Undercover stopped ardent lover. In addition to their men on the ground (literally) the British  army also had heavily armoured towers at intervals along the border, ugly look-out posts from which to scan the landscape for men with bombs and guns.

In recent, happier years, with dips and dives between British sterling and Irish punts or Euros,  people have taken advantage of a very soft border to smuggle siphoned petrol and herds of cattle, where once (at least according to my father, based on his memory of the ’30s and ’40s) they used to trade in watches and pounds of butter.  Everyone buys drink and stocks up on Marks and Spencer’s mincepies at Christmas. There are new worries now though.  The United Kingdom is leaving the European Union, which means Northern Ireland goes too.  The Republic of Ireland is a stalwart EU member. The UK has strict immigration laws and limits on refugees to whom it is prepared to offer asylum. The border between Ireland North and South could become the backdoor way into Britain. Will the Jungle move from Calais to Drogheda? Where will visitors to Britain clear British security?  At Irish ports? Or British airports? Or on our own wee border? Will people in Northern Ireland (the clear majority of whom  voted to stay in the EU in the recent British referendum)  choose to exercise their right to Irish citizenship in order to remain part of Europe, rendering the idea of Irish partition a nonsense altogether?  No one knows. Northern Ireland’s politicians are in a complete funk about a lot of things and offer no clear way forward. The Republic’s government certainly does not want its newish South North infrastructure (paid for by the EU) to become a corridor for pass through refugees headed to Belfast and thence to mainland Britain. Whatever they say, the Irish politicians wouldn’t want a gift of Northern Ireland either. Not for the first time, it is all a bit of a mess.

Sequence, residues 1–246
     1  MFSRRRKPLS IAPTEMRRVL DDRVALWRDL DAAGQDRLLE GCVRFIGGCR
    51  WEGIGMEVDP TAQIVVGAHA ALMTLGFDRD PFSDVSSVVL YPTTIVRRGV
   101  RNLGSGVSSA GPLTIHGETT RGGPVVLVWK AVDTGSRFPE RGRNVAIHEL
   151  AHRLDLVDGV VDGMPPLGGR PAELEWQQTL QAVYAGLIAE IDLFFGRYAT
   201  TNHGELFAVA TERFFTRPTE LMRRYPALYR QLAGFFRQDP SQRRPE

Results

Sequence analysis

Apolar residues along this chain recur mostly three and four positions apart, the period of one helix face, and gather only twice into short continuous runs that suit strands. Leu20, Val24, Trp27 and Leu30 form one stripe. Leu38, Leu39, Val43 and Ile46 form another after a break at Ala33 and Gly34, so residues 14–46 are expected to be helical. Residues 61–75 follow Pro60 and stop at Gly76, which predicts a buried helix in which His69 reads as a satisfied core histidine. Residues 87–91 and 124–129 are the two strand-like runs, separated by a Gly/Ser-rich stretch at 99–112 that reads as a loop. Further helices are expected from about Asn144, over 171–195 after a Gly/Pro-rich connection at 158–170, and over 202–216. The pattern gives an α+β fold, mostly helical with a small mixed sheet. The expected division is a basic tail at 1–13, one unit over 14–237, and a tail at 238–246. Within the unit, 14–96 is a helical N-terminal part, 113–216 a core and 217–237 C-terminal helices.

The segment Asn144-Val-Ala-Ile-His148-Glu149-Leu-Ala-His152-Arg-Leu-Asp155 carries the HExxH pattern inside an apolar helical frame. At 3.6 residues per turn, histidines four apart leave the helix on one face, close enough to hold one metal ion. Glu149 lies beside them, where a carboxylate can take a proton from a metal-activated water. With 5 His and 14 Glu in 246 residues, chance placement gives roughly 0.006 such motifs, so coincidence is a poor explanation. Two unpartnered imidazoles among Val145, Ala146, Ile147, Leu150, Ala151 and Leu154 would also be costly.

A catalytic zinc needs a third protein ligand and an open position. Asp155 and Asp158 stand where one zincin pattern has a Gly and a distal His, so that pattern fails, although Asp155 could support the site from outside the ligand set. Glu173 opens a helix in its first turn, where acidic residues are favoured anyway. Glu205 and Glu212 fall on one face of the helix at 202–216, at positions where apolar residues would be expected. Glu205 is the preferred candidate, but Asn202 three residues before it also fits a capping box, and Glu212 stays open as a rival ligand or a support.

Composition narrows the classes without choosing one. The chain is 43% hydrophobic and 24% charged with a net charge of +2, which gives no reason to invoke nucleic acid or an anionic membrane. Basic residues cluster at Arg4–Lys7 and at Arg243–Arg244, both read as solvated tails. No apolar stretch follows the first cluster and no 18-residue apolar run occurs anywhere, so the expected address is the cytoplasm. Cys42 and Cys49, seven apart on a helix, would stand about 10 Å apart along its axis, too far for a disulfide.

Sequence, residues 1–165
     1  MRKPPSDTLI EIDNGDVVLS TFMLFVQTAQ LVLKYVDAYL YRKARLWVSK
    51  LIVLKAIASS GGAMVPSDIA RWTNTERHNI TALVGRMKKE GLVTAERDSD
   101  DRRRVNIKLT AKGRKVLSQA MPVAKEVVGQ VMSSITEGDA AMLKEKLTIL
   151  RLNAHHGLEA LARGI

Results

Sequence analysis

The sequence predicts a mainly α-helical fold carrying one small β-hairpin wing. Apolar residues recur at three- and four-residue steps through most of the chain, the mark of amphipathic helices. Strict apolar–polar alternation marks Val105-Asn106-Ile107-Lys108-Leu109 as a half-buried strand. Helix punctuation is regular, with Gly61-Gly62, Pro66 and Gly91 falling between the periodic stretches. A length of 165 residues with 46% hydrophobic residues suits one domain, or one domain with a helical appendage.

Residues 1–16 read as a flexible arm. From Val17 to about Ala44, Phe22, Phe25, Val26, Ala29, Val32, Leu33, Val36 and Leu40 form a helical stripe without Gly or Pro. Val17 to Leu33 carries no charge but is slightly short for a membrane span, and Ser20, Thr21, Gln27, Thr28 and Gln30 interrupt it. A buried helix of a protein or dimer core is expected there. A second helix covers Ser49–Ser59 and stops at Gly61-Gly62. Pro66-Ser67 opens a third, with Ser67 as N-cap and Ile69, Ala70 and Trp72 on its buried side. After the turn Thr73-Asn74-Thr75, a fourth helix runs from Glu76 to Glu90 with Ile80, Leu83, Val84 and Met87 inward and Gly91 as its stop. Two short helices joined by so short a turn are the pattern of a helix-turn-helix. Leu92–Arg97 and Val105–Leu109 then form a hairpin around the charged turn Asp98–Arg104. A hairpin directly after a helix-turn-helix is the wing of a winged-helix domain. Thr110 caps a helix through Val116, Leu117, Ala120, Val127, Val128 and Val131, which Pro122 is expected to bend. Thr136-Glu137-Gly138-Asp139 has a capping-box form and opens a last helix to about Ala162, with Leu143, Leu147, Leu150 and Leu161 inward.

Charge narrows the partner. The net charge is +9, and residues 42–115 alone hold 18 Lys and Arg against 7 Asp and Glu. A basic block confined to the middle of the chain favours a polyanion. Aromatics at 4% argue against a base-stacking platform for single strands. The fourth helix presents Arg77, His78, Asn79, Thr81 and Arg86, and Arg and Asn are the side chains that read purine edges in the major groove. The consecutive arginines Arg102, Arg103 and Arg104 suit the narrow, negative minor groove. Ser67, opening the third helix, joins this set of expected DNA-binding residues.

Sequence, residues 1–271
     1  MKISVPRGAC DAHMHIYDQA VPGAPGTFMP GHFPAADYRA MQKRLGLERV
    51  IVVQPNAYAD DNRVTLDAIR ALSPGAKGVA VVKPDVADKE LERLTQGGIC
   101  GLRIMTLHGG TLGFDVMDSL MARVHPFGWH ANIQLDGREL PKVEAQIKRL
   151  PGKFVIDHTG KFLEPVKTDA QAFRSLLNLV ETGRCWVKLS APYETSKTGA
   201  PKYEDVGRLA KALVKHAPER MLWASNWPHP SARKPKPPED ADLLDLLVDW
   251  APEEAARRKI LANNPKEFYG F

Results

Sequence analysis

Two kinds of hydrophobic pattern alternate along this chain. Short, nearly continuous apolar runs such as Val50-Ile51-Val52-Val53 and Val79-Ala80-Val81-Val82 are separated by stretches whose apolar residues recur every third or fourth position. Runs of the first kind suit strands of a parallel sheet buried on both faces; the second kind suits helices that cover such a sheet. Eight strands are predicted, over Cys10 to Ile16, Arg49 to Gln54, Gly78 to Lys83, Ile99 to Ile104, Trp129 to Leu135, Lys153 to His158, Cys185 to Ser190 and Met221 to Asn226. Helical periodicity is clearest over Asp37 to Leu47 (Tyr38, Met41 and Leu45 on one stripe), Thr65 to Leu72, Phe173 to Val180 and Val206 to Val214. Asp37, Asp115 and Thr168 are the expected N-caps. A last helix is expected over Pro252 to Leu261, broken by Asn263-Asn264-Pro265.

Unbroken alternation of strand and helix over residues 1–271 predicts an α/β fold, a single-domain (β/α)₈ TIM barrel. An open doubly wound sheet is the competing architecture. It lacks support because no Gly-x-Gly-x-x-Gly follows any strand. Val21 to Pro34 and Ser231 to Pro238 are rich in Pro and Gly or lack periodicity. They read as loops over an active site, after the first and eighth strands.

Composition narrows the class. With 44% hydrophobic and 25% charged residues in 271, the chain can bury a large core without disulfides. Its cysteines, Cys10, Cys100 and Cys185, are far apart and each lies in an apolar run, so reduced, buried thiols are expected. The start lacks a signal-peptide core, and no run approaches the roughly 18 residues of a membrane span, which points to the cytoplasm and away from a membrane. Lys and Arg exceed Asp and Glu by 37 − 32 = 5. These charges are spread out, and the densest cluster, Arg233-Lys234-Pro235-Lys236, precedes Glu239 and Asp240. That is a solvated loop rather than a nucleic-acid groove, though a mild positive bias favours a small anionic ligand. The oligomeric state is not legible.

Here, at a safe remove, I am interested in the way that a political and territorial question hotly debated for nearly 100 years– whether there should be a border within the island of Ireland– is suddenly and dramatically changed by asking a different question: will the United Kingdom vote in or out of Europe? It voted out. Priorities are changing for the two islands that lie just to the west of mainland Europe. Get ready to redraw the maps. Again.

About Liz Barron

Returned US Peace Corps Volunteer (Armenia 17-19). Permanent address in Washington DC. Deep roots in Northern Ireland and persistent Belfast accent. Blogger, cook, painter, mother, grandma, Scrabble-player and enthusiastic world traveller.
This entry was posted in Belfast, Borders, Cross-cultural understanding, errors of judgement, Northern Ireland, Politics, Terrorism. Bookmark the permalink.

2 Responses to Border Post: Part One

  1. Hugh Kearney says:

    That is an interesting rethinking of the border question. Often, since Northern Ireland voted against Brexit, one wonders if it would ever consider Scotland’s move. But will the EU render the border meaningless. This would be complicated by the French election.

    Hugh Kearney